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Colgate University

Publication Date

Spring 2015

Program Name

Uganda: Post-Conflict Transformation

Abstract

This research analyzes the psychosocial social support component of Mental Health and Psychosocial Support (MHPSS) services in Nakivale Refugee Settlement. The objectives are (1) to define psychosocial support (2) to contextualize what services are being provided in Nakivale (3) to analyze what challenges exist for providing adequate support and (4) to discuss some strategies being employed by refugees and service-providers to combat these difficult circumstances.

56 semi-structured individual and group interviews and 2 focus group discussions were conducted to reach 96 respondents. This total includes Congolese, Rwandan, Burundian, Somali, and Ethiopian male and female refugees and organization representatives from the United Nations High Commissioner for Refugees (UNHCR), Office of the Prime Minister (OPM), American Refugee Committee (ARC), Medical Teams International (MTI), Tutapona, the Refugee Law Project (RLP) and Mental Health Uganda.

The research highlights the interconnectedness of one's surroundings and one's mental-well being and importance of recognizing the overlap in service-provision. Psychosocial support services in Nakivale go beyond individual counselling, group therapy and psychiatric care to include livelihood assistance, material support (including food, non-food items and shelter) and protection. Hence, deconstructing a Westernized outlook on psychotherapy solely as counselling and medication is necessary for an analysis of psychosocial support in a refugee settlement.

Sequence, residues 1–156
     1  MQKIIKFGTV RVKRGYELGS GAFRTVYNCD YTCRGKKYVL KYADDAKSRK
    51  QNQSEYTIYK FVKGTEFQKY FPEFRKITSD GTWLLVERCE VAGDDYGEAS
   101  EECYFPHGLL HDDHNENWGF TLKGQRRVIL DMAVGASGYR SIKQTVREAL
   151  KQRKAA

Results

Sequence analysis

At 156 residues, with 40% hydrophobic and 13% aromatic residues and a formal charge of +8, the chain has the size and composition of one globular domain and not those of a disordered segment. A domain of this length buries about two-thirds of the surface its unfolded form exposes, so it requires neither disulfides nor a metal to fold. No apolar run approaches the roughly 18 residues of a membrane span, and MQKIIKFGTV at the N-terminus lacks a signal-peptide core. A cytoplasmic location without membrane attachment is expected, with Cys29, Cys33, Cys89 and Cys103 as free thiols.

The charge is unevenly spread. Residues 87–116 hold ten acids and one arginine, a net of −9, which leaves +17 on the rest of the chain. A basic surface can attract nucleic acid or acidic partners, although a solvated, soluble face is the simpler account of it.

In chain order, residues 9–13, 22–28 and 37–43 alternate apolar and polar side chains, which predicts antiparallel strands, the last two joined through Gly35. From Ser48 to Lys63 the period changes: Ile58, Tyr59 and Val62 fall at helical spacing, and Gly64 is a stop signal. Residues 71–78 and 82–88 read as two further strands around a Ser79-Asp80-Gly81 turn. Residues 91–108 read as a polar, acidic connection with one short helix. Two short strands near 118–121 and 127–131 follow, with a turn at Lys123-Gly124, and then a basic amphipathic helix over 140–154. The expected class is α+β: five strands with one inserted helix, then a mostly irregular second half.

The research notes challenges to adequate service-provision to include logistical barriers, material barriers and cultural barriers.The analysis also recognizes strategies for combatting these challenging surroundings: employing a holistic approach, adopting community-based mechanisms for awareness, capitalizing on refugee leadership and using other culturally-based and contextuallyappropriate techniques during sessions and programs.

Overall, psychosocial support services in Nakivale are operating in a a culturally-based framework, but one that is severely limited by lack of personnel and funding in a high-need area. The overlying recommendation is that if this material gap were to be addressed, the effective ethno-central counselling and de-centralized programs which exist could expand to reach and follow-up with more individuals.

Disciplines

African Studies | Community-Based Research | Demography, Population, and Ecology | Health Psychology | Other Psychology | Pain Management | Social Psychology and Interaction | Sociology of Culture

 

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